Walking at Riddell


Riddell Root: Ancestry and Horticultural Path

Riddell’s Ancestry Root will transport you back to the early 12th century when Ancient Riddell was first created.

Beginning at the ruined site of the old mansion house which dates back to the 16th century, you will see how impressively nature has reclaimed its once grand rooms and balconies as if it has always been a natural part of the landscape. However, there are still structural portholes and quirky human constructions to help you imagine what it might have been like to live there in years gone by.

You will then enter the Wild Garden and happen upon the seven hundred and fifty year old Yew trees which are said to mark the perimeters of ancient burial grounds.

As you walk on, look and listen carefully for an abundance of Scottish Borders wildlife; squirrels, rabbits, hares, pheasants, partridge and roedeer. You will be surrounded by a rich array of fauna and flora with views across the rolling hills of the estate and beyond including that of the South Bridge dating back to 1790. The pathway takes you strolling amongst the canopies of Yew, Ash, Sycamore, Birch, Elm, Lime, Chestnut, Brown Fir, Silver Fir, Sitka Spruce, Norway Spruce and Oak trees as well as variety of Scottish shrubs and wildflowers. Finally you will climb up to the General’s Tower and, should you choose, further up the spiralled staircase to survey, in a 360 perspective, the lands of Riddell. You will be standing on the site of the original Norman fortification dating back to 1100. And looking down you will have a birds-eye view of the unusual double motte that surrounds the fort. Ancient battles took place between local land Barons on this site.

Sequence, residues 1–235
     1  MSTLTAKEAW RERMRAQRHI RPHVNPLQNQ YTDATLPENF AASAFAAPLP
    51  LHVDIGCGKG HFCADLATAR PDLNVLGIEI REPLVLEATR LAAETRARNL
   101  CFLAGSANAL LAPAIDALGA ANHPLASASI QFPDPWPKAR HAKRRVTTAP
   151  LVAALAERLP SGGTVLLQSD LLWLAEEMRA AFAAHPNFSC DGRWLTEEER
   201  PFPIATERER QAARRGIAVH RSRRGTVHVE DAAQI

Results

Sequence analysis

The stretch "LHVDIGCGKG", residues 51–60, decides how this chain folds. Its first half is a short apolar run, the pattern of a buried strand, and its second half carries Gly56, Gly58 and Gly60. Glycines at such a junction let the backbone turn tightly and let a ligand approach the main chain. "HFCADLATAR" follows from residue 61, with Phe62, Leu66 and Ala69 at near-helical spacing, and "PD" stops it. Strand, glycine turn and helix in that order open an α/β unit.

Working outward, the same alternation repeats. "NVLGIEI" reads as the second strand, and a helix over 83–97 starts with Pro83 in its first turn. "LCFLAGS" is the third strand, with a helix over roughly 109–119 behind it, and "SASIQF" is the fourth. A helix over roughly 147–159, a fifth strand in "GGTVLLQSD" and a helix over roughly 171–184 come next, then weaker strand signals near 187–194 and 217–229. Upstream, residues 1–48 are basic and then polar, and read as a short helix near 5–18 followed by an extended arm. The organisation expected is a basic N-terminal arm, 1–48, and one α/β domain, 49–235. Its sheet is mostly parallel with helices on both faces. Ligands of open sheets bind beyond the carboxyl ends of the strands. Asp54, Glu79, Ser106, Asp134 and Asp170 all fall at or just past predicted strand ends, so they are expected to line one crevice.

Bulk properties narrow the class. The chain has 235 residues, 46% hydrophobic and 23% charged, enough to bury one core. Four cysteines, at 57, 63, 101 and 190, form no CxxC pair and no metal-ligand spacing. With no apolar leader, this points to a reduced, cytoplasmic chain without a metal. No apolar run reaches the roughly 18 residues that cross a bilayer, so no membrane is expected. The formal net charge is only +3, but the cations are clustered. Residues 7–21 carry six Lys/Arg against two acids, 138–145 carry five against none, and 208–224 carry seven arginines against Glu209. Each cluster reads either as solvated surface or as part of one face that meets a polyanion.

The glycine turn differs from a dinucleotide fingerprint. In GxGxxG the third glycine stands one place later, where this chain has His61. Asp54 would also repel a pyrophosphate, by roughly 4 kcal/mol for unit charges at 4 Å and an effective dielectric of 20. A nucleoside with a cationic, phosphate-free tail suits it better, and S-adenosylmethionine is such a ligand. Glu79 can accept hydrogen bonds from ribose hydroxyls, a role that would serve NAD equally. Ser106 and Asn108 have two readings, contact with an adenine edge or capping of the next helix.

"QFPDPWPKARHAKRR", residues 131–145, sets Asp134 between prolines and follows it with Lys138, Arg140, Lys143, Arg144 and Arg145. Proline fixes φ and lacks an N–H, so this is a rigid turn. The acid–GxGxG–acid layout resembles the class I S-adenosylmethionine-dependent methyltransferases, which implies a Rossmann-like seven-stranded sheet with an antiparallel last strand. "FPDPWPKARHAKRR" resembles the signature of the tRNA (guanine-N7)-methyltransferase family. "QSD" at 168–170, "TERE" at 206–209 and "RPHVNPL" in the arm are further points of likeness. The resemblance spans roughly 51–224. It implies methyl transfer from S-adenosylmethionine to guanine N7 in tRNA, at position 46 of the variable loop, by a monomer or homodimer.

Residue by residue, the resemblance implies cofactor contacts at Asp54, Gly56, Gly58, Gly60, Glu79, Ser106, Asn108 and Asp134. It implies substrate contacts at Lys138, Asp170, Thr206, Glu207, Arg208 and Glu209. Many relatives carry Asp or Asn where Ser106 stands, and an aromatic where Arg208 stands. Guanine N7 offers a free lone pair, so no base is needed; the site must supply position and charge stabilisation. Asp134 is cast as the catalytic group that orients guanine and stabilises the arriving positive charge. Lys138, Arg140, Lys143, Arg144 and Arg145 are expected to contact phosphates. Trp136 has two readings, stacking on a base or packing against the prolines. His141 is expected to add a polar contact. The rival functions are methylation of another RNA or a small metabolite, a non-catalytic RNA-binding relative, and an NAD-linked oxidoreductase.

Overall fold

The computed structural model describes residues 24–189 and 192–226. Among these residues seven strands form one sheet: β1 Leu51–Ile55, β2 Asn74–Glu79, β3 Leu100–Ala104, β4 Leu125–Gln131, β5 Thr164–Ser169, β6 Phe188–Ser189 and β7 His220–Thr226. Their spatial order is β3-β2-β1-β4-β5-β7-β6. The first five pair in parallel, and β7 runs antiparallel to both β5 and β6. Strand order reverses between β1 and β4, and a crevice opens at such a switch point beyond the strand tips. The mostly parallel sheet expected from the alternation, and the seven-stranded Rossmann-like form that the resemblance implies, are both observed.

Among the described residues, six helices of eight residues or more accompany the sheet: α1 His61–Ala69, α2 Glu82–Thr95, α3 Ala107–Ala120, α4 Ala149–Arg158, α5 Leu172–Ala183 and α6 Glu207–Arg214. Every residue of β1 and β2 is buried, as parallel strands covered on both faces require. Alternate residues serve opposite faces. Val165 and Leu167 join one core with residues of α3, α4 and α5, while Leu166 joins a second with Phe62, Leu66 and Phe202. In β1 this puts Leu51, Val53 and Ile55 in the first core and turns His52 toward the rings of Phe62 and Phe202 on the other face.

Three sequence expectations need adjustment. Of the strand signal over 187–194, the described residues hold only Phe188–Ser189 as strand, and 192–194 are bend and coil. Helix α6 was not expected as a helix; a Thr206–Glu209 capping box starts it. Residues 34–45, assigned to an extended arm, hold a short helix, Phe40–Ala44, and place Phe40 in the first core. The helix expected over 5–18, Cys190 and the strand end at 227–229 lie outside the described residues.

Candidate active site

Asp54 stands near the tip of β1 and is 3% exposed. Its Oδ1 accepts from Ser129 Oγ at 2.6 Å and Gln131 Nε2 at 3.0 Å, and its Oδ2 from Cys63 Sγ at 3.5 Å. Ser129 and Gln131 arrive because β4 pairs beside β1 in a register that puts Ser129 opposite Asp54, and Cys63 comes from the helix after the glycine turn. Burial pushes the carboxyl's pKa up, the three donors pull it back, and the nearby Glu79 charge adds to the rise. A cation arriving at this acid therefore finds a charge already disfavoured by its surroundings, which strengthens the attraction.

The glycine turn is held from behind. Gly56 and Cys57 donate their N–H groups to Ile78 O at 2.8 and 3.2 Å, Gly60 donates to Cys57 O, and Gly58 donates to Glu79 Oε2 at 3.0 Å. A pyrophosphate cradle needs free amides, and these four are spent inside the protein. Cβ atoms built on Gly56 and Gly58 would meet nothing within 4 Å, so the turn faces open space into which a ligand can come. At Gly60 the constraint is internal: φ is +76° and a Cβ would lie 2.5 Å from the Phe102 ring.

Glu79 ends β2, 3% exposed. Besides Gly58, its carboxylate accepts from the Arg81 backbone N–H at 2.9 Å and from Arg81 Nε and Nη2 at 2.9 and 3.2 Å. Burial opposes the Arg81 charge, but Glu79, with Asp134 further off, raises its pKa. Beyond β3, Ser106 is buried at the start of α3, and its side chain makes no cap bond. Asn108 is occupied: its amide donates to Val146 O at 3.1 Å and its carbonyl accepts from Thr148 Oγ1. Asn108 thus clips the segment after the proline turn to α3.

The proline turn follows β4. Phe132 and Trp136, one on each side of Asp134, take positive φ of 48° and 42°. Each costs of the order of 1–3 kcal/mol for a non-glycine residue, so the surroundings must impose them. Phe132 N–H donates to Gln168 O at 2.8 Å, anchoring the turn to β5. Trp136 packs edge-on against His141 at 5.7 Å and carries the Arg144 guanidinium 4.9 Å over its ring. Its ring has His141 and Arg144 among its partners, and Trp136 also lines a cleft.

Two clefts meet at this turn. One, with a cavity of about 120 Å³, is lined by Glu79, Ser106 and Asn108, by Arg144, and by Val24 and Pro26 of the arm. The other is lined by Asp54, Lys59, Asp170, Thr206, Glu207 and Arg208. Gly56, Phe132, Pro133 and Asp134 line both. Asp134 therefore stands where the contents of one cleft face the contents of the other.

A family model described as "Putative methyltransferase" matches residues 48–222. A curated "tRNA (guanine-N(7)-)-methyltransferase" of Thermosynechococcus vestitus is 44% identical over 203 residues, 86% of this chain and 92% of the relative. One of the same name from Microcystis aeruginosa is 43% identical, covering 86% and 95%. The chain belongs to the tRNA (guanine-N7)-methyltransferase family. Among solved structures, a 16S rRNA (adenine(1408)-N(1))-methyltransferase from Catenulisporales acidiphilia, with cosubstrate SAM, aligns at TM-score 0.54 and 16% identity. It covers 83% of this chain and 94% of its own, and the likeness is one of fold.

Life at Riddell Estate
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